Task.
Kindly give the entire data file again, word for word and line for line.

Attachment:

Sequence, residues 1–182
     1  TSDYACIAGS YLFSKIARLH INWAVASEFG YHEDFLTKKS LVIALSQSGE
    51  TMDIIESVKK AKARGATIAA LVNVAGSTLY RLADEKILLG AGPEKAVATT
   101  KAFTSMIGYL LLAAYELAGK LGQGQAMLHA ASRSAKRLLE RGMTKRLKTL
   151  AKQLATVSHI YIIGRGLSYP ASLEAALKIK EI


Sequence, residues 1–182
     1  TSDYACIAGS YLFSKIARLH INWAVASEFG YHEDFLTKKS LVIALSQSGE
    51  TMDIIESVKK AKARGATIAA LVNVAGSTLY RLADEKILLG AGPEKAVATT
   101  KAFTSMIGYL LLAAYELAGK LGQGQAMLHA ASRSAKRLLE RGMTKRLKTL
   151  AKQLATVSHI YIIGRGLSYP ASLEAALKIK EI